This guidance has been produced to help candidates, parties and third parties comply with the law by setting out the general rules for behaviour on election day and during the advance voting period.
Any activities (including advertising) promoting the election of a candidate or party, or attacking a party or candidate, are prohibited on election day before 7pm (Saturday 20 September 2014) and are a criminal offence. The full list of prohibited activities is set out in section 197 of the Electoral Act which effectively prohibits anything that can be said to interfere with or influence voters, including processions, speeches or public statements.
Summary of the rules for candidates, parties and third parties
On election day you must not:
- Display any hoardings - all election signs must be taken down or covered up before election day.
- Display any other election advertising - cover up or place away from public view vehicles advertising parties or candidates (this includes flags and bumper stickers).
- Distribute any campaign material.
- Distribute or display anything showing political party or candidate names.
- Post election-related material online. This includes election-related posts on social media such as Facebook or Twitter.
- Take part in any election-related demonstration or procession.
- Wear or display clothing that promotes a political party or candidate.
- Conduct opinion polling of voters.
On election day you may:
- Wear a party lapel badge or rosette in public bearing the party’s name, emblem, slogan or logo (but not the candidate’s name or other content).
- Display streamers, rosettes, ribbons or similar items in party colours on people or vehicles (subject to the prohibition on processions).
- Contact voters to offer help to get to a voting place. But, you must not say or do anything that influences voters as to the party or candidate they should or should not vote for.
- Continue to display fixed signs that were up before election day on party headquarters and MP offices, including party names, slogans or logos that do not relate specifically to the election campaign.
- Keep existing election material up on a website as long as the material is not updated on election day, it is only made available to people who voluntarily access it, and the website is not advertised.
The Electoral Commission's role
There is a high level of public awareness about the prohibition on campaigning on election day and breaches are likely to generate complaints.
Where the Commission is notified of a breach of the rules or receives a complaint it will investigate the incident and may refer the matter to the Police.
On election day, if you are in doubt about how a rule applies or if you wish to notify the Electoral Commission of a breach, contact us on 0800 36 76 56 or email firstname.lastname@example.org.
The election day rules explained
All election billboards must be removed by midnight on 19 September 2014 (the day before election day) at the latest.
It is an offence to exhibit any party name, emblem, slogan or logo on a vehicle on election day.
Sign-written vehicles, including MP vehicles that include a candidate or party name, emblem, slogan or logo should not be displayed on election day. Vehicles with bumper stickers promoting a candidate or party should also be kept out of public view. Flags with a party emblem, slogan or logo should not be displayed.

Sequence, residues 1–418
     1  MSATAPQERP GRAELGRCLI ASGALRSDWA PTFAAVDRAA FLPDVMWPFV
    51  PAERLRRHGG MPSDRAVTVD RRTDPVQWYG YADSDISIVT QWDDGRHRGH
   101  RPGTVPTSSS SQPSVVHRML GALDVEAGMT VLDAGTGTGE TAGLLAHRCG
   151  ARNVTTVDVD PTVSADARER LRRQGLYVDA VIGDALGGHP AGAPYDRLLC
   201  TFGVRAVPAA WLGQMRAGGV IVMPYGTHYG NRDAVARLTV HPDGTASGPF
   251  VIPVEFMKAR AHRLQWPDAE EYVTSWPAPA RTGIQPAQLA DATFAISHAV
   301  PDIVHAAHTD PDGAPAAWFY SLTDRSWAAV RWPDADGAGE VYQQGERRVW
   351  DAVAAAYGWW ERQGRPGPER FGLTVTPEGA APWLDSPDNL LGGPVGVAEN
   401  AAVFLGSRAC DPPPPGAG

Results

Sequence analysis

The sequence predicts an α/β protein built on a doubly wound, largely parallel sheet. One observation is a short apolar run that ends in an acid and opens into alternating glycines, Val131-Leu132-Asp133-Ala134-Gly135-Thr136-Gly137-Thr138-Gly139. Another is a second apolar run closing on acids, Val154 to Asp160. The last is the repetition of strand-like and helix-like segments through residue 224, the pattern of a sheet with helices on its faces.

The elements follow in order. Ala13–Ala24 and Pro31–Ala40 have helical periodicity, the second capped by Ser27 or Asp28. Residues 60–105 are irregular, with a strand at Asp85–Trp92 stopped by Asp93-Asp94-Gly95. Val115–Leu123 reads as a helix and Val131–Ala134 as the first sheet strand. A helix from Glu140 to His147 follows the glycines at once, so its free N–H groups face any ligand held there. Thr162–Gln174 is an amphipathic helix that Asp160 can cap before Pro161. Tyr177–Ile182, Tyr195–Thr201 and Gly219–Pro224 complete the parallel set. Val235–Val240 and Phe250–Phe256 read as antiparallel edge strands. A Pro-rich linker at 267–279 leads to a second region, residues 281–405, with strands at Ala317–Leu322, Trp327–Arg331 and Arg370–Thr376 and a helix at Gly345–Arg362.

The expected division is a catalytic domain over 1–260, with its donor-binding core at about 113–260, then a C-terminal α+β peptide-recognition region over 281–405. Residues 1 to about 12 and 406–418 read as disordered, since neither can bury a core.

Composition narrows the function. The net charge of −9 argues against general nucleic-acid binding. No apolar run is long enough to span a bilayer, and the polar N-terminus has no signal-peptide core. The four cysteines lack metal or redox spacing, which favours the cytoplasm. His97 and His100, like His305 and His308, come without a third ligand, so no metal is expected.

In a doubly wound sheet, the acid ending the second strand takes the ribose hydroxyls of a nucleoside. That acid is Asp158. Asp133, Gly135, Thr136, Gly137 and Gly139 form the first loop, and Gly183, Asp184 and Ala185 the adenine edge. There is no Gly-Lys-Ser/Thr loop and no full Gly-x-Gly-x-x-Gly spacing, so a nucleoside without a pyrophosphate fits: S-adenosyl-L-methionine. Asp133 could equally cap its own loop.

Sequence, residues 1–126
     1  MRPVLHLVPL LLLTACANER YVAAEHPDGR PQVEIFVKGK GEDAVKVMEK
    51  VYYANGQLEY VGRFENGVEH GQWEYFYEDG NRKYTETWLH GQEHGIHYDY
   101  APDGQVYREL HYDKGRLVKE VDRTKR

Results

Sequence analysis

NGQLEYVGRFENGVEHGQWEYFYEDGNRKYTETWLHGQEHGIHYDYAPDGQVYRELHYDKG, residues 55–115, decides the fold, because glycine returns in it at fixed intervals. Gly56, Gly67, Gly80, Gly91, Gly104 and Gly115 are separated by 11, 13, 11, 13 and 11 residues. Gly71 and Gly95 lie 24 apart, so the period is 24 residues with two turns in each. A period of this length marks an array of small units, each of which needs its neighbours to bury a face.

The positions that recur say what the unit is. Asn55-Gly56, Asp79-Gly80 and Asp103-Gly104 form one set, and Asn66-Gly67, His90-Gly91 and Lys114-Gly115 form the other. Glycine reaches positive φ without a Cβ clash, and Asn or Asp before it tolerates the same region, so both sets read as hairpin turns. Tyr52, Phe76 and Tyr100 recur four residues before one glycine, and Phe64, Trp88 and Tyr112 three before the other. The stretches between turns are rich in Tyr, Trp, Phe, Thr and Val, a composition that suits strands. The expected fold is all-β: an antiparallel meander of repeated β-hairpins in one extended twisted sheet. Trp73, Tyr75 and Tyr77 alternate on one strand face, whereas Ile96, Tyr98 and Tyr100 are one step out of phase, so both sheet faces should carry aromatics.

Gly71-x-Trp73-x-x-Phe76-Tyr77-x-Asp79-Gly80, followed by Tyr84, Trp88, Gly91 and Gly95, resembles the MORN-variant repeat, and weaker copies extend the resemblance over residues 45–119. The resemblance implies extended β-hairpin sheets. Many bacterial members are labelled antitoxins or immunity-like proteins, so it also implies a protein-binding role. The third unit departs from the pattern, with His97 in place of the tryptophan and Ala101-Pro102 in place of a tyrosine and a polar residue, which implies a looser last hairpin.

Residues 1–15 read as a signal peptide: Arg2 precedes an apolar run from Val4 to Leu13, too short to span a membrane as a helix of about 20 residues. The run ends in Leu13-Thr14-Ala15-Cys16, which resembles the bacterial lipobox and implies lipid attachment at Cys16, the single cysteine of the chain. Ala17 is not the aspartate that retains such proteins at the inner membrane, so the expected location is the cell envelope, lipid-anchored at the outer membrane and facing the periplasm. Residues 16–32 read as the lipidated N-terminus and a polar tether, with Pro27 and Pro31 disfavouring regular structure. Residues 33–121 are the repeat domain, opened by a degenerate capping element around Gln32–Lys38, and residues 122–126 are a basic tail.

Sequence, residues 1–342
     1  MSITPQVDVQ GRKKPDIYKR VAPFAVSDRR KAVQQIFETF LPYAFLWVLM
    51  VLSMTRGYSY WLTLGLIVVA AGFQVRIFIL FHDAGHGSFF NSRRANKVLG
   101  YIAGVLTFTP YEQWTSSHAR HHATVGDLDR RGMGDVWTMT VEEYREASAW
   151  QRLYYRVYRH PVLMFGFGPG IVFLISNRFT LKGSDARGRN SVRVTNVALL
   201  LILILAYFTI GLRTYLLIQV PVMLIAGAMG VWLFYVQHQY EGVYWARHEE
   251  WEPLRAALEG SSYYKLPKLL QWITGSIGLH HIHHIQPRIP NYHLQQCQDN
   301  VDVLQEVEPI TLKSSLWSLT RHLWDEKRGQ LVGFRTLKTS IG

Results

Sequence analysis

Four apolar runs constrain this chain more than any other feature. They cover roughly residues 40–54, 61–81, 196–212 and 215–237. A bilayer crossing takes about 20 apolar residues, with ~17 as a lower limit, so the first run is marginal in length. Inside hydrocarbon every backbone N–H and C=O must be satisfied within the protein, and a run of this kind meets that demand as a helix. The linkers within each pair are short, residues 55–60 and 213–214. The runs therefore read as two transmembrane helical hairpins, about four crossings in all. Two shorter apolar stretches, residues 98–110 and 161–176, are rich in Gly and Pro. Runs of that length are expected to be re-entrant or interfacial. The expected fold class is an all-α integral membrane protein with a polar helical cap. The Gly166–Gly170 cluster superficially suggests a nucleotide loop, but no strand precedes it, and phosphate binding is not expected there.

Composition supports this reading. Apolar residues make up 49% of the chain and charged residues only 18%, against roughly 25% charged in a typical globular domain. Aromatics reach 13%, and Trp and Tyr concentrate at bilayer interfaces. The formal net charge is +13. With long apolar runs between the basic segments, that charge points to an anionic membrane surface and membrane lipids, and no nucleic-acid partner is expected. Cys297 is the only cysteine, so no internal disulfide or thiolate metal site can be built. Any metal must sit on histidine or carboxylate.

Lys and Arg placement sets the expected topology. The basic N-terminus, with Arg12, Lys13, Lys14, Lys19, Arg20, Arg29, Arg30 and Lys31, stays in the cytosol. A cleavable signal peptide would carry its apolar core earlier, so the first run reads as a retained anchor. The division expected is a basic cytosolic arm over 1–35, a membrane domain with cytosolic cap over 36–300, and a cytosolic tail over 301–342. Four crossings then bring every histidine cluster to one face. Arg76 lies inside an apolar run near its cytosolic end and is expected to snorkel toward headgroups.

Fixed signage on party headquarters and MP’s electorate offices
Fixed signage containing a statement, party name, logo, slogan or emblem on party headquarters may remain on view on election day if it does not refer specifically to the election campaign.
MPs’ permanent electorate office signage may remain up on election day provided it does not contain any statement likely to influence voters.
This exception does not apply to signage on mobile headquarters i.e. signage on vehicles.
Delivery of election material prohibited
Election material must not be delivered through the post, directly to mailboxes or in person on election day.
NZ Post will not accept election-related mail for delivery after the Thursday in the week before election day (Thursday, 11 September 2014). To reduce the risk of postal delivery on election day mail should be clearly identifiable as being election-related.
If you, or your supporters, hand-deliver election material directly to mailboxes on the Friday before election day, you can expect complaints by voters who think the material arrived on election day.
Websites and social media
The election day rules apply to statements published or broadcast in any media including on the internet. These rules apply equally to websites as they do to the use of social media, such as Facebook and Twitter.
Election advertising does not have to be removed from websites or social media so long as:
- the material was published before election day
- the material is only made available to people who voluntarily access it (paid advertising that appears unsolicited on a page cannot stay up), and
- no advertisements promoting the page or site are published on election day.
The steps you may need to take to ensure the rules are not breached will depend on the level of interactivity that is provided to others on the webpage or website.
To avoid complaints on election day we recommend that the comment function on Facebook pages (or the page itself) that candidates, parties or third parties have used to post election-related material are temporarily deactivated so that other persons cannot post messages on election day before 7pm. Posts on Facebook or Twitter that are not connected in any way with the election can of course be posted on election day.